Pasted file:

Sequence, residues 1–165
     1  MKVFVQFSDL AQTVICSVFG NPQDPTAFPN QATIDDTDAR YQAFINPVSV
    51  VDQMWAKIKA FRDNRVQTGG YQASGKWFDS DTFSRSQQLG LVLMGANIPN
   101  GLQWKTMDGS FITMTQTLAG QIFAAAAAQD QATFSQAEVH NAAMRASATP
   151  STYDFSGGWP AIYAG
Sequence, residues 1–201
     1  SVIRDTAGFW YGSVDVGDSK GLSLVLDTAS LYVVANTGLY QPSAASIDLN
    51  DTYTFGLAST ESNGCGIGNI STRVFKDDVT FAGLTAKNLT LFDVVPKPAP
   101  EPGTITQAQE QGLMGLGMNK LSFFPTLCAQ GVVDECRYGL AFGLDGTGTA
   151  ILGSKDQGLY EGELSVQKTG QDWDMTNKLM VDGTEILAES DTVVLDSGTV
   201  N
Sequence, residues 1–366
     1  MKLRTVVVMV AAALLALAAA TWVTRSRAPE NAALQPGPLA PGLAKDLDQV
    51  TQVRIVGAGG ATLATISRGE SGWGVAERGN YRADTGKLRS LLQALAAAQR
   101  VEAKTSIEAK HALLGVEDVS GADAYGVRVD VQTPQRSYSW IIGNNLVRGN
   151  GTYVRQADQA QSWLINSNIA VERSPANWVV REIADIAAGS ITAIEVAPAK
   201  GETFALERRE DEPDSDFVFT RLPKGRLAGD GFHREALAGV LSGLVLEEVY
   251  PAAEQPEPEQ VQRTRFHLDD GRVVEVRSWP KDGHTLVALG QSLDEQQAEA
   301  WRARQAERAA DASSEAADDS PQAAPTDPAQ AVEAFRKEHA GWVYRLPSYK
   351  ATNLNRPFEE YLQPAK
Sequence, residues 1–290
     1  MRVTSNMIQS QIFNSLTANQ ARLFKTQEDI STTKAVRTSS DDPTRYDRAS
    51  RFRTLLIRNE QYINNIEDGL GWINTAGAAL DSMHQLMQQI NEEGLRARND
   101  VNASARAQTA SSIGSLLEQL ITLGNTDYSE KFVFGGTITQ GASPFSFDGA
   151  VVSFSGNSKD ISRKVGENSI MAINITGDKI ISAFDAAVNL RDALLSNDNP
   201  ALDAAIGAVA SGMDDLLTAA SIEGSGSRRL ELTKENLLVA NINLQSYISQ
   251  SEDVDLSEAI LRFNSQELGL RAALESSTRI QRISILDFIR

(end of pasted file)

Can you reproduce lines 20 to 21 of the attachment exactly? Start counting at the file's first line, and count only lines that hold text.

   351  ATNLNRPFEE YLQPAK
Sequence, residues 1–290